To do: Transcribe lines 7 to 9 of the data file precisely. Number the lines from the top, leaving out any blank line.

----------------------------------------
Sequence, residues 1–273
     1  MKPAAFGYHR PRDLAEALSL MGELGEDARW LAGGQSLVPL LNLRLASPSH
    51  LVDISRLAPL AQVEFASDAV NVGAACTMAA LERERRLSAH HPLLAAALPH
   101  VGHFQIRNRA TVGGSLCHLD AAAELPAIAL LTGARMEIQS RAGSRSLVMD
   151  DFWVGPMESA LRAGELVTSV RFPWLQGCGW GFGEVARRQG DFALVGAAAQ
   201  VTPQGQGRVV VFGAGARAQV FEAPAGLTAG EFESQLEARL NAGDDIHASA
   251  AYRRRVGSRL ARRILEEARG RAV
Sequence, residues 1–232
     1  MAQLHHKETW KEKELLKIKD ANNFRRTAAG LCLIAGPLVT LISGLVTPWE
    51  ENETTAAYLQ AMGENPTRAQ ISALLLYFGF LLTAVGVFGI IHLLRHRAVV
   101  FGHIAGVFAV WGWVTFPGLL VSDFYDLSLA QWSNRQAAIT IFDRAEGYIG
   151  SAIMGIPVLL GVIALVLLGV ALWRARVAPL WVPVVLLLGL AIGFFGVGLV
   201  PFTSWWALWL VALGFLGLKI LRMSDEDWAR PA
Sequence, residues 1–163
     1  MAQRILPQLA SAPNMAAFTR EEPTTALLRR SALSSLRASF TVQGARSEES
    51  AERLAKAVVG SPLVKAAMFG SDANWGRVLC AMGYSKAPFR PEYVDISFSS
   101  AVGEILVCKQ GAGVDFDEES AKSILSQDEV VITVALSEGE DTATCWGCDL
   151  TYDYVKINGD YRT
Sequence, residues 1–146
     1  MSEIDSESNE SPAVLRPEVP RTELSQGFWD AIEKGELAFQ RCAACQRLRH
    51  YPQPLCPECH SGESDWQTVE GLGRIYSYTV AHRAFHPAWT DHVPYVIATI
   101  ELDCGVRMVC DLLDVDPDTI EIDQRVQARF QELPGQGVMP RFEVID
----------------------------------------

   251  AYRRRVGSRL ARRILEEARG RAV
Sequence, residues 1–232
     1  MAQLHHKETW KEKELLKIKD ANNFRRTAAG LCLIAGPLVT LISGLVTPWE